The routine mixing of pigs causes aggression that cannot be greatly reduced by low-cost environmental changes. The variability and heritability of aggressiveness are discussed and both appear adequate to make selection against aggressiveness worthwhile in grower-stage pigs. Selection would require rapid phenotyping of many animals for which a validated indicator genetically correlated to aggressive behaviour is required. Three potential indicators are discussed (attack latency, number of skin lesions and relationship to non-social behavioural traits). Attack latency correlates with post-mixing aggressiveness under research conditions but attacks are delayed under commercial conditions reducing the practicability of the trait for selection. Correlations between aggressiveness and responses to non-social challenges, such as the back-test, are not always consistent. Lastly, the counting of skin lesions is rapid, and the number of lesions has a moderate heritability and is genetically correlated with involvement in aggressive behaviour. The wider effects of selection against post-mixing aggressiveness are discussed. Examining the behavioural strategies of unaggressive pigs, especially their response to defeat, would reveal how selection may alter aggressive tactics. Selection against lesions from mixing is also expected to reduce their number in more stable social conditions, but the implications for aggression between sows and that of sows towards their piglets and humans needs to be investigated. Aggressiveness is genetically correlated with response to handling involving components of social isolation, human presence and novelty. Identifying how unaggressive pigs respond to other challenging situations differing in these components may be worthwhile. Selection against aggression using skin lesions appears to be achievable although the full value of this would benefit from estimations of the genetic correlations with the traits outlined above.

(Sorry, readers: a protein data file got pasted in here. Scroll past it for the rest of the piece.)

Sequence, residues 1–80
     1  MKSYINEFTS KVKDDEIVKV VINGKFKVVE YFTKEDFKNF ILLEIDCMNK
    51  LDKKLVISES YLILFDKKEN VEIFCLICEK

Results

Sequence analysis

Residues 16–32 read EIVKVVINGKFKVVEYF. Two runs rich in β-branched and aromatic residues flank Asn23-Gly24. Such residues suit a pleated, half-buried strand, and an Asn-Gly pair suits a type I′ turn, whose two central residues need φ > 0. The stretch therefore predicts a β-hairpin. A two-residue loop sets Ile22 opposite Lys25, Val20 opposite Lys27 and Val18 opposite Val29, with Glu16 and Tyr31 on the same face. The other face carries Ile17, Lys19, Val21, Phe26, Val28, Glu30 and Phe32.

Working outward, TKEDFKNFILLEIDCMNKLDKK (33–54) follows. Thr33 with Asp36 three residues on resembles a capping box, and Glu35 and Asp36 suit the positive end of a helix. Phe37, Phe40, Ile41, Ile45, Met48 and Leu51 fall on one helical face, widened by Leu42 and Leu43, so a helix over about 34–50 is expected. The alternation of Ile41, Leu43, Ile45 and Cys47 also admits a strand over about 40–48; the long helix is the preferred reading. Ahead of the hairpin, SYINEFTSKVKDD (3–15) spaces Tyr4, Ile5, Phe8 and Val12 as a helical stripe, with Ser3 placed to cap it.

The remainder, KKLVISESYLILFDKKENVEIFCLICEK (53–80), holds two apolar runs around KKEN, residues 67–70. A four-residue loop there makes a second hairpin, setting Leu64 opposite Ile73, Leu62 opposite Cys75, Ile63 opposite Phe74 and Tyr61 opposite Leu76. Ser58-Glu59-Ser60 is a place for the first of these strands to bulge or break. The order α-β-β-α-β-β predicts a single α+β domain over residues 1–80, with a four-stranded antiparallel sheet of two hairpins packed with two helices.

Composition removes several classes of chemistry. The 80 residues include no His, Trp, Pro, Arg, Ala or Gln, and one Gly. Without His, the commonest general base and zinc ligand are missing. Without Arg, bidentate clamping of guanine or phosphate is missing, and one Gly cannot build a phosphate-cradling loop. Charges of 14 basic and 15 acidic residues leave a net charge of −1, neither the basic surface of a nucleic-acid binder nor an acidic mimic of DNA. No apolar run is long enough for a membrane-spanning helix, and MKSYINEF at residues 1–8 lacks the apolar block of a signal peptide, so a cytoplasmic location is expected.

|Publication Title||Animal Welfare|
|Author Address||Scottish Agricultural College, West Mains Road, Edinburgh EH9 3JG, UK. email@example.com|
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